Today, on World AIDS Day, it is time to reflect on the history of this pandemic and to assess our progress and our failures. We are at a defining moment in the fight against HIV and AIDS. We can say with some certainty that an HIV- and AIDS-free generation is within our grasp. Much of the credit must go to Canadian research and innovation, or more specifically British Columbian research and innovation.
Great strides have been made in the treatment and prevention of HIV/AIDS by Dr. Julio Montaner and his team at the B.C. Centre for Excellence in HIV/AIDS (BC-CfE), who developed the highly-active anti-retroviral therapy (HAART), making it possible to foresee an eradication of this disease. The benefits of this treatment program are twofold: sustained HAART treatment decreases the amount of HIV virus in the blood and sexual fluids to undetectable levels, thus preventing morbidity and mortality, and equally as important, dramatically reducing the likelihood of HIV transmission by more than 95 per cent, making B.C. the only jurisdiction in North America where new HIV cases are declining. Elsewhere, HIV transmission rates continue to increase.
With the unwavering support of the British Columbia government, the BC-CfE has been an exemplary case study of how far TasP can go to change the face of HIV & AIDS. In B.C., in 1992, at the peak of the epidemic, more than 800 new people per year were diagnosed with HIV and at least one person was dying every day from AIDS. Since then, the number of new AIDS diagnoses have decreased by over 90 per cent and new HIV diagnoses has fallen by over 70 per cent. Pregnant women, who are HIV-positive, have had nearly 100 per cent success in not passing on the virus to their babies. Furthermore, vertical HIV transmission has been nearly eliminated and HIV new infections among injection drug users have declined by over 95 per cent.
Evidence is so overwhelming with regard to the efficacy of TasP that the World Health Organisation recently endorsed its use. China, was the first country to adopt the BC-CfE's TasP strategy as a national HIV/AIDS policy, and formalized its commitment and implementation in partnership with the BC-CfE and the province of B.C. Indeed, this week, in Beijing, B.C. Premier Christy Clark signed a Memorandum Of Understanding (MoU) between the National Center for AIDS/STD Control and Prevention, the Chinese Center for Disease Control and Prevention (NCAIDS/China CDC), and the BC-CfE that will facilitate the continued sharing of expertise regarding TasP. The MOU will establish a Fellowship program to allow six senior China CDC scientists to spend three months each, over three years, at the BC-CfE to gain expertise in the implementation, monitoring and evaluation of TasP, and to develop a strategy to expand the reach of TasP to other related therapeutic areas, including viral hepatitis (hepatitis B and hepatitis C infections).
The U.S. formally embraced TasP as a public health policy to control HIV/AIDS in 2011. This October, the U.K., France and Brazil joined them.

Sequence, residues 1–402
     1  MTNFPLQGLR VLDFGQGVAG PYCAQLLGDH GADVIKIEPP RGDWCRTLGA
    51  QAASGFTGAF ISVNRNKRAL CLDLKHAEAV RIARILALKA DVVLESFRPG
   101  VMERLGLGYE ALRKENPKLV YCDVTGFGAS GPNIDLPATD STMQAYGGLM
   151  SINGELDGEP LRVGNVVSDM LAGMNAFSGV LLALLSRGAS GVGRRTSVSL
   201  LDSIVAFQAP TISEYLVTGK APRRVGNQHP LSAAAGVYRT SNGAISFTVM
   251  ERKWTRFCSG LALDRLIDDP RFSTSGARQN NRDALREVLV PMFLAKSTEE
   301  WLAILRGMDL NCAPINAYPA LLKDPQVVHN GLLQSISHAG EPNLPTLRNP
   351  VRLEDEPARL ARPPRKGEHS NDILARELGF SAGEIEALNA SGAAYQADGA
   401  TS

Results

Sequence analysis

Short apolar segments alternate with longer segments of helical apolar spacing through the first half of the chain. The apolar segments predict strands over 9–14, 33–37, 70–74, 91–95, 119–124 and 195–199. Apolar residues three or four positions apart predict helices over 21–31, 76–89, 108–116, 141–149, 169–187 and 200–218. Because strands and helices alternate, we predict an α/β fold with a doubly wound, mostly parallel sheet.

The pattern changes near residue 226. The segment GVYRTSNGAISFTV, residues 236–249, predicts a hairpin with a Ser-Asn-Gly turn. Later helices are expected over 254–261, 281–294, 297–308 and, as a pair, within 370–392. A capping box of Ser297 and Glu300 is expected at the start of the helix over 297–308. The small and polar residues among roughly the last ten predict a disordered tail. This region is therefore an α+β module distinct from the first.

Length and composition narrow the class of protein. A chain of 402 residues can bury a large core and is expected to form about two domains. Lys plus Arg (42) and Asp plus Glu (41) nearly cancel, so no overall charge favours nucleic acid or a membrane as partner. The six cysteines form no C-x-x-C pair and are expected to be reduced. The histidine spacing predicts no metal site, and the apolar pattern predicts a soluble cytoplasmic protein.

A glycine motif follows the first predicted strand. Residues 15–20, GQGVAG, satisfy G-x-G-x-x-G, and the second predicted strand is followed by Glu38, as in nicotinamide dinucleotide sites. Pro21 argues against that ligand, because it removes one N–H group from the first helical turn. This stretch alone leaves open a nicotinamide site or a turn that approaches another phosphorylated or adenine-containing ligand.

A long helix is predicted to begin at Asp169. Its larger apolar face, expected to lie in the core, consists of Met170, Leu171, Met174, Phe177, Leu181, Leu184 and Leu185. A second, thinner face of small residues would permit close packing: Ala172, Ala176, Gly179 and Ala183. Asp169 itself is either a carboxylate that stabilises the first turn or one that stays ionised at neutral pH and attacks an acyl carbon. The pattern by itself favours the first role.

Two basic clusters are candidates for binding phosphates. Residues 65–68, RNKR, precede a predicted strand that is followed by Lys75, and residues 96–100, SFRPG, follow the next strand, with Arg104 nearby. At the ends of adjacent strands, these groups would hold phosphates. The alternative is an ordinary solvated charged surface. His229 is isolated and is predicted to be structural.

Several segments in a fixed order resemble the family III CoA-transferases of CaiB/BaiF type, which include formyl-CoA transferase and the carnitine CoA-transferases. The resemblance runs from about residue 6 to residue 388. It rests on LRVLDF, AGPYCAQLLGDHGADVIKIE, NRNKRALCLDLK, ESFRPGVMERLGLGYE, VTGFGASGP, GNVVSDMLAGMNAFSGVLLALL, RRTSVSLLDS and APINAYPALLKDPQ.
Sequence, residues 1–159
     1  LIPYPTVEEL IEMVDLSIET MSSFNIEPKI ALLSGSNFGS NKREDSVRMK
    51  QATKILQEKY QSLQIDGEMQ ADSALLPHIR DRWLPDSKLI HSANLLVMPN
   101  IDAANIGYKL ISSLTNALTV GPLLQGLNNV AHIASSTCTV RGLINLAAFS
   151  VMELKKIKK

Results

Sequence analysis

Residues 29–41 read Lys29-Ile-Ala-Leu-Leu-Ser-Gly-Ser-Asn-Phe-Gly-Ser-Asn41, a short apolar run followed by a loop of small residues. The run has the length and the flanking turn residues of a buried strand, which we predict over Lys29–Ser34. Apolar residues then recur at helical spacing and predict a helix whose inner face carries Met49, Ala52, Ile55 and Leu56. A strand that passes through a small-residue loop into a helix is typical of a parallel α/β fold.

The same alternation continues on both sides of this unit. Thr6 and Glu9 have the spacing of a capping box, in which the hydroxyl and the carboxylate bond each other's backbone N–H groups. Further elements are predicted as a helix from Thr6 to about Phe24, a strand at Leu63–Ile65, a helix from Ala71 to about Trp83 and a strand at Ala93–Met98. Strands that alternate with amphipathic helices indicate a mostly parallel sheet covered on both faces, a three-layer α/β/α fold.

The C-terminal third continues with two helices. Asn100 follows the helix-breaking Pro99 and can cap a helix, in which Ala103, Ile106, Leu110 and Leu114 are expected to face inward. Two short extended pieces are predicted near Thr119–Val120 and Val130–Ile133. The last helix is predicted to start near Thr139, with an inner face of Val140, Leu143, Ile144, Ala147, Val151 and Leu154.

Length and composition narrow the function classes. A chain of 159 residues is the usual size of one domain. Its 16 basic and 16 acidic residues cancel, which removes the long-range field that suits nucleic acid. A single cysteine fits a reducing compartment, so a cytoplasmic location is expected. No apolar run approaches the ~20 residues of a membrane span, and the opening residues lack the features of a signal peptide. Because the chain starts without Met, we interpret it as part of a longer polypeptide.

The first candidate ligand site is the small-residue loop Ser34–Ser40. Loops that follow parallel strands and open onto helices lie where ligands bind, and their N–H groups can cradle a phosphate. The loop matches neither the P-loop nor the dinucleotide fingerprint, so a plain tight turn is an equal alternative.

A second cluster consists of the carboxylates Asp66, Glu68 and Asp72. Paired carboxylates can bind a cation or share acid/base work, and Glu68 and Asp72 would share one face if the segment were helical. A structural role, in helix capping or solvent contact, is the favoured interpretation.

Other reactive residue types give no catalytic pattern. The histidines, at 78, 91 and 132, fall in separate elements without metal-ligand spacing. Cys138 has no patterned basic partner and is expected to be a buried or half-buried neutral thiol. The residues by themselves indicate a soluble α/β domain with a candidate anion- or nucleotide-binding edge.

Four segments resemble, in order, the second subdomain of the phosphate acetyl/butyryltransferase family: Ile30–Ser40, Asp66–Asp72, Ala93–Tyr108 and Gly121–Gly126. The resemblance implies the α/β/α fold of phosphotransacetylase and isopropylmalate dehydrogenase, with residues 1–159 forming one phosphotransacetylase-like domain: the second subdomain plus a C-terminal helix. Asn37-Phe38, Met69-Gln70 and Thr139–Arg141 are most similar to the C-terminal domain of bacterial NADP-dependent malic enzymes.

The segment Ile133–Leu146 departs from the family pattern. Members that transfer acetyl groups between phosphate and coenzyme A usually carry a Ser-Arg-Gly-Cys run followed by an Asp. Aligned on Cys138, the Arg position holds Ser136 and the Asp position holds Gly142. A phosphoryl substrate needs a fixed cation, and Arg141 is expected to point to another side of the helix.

Earlier this past week, Desmond Tutu, Archbishop Emeritus of Cape Town and Honorary Chairman of Endgame, a global campaign to defeat AIDS, tuberculosis and malaria, urged President Obama to double the number of people receiving antiretroviral treatment through PEPFAR, which recognizes the benefit of HAART, especially in treating pregnant women. In response, the United States Senate approved an extension of PEPFAR to fight AIDS worldwide.
This begs the question -- given B.C.'s unprecedented success against HIV and AIDS; given WHO's endorsement of TasP; given the fact there are currently, an estimated 71,300 Canadians now living with HIV, with 3,175 new cases each year; given China's very active implementation and that of other nations including the U.S. and PEPFAR who acknowledge the extraordinary benefits of HAART; why hasn't Canada and our federal government embraced TasP?
Development of a vaccine is still a dream for the future. We have a Canadian strategy that's proven that it can act now to decrease transmission and lower the number of new cases -- a strategy that is internationally heralded and implemented and provides a real opportunity to end the HIV pandemic in our lifetime.
Canada should be proud. However, as is sadly the case with the current federal government that has been slow to embrace or accept any Canadian scientific innovation, the rest of Canada will be deprived of the opportunity to benefit from a treatment program that only British Columbians can access.
It is medically, ethically and morally wrong to ignore evidence. Science must triumph over ideology. Alleviation of human suffering deserves that much.
The Hon. Dr. Hedy Fry, P.C., is the M.P. for Vancouver Centre and is the Federal Liberal Health Critic. Before entering politics she practiced family medicine in Vancouver for 20 years and was President of the British Columbia Medical Association.
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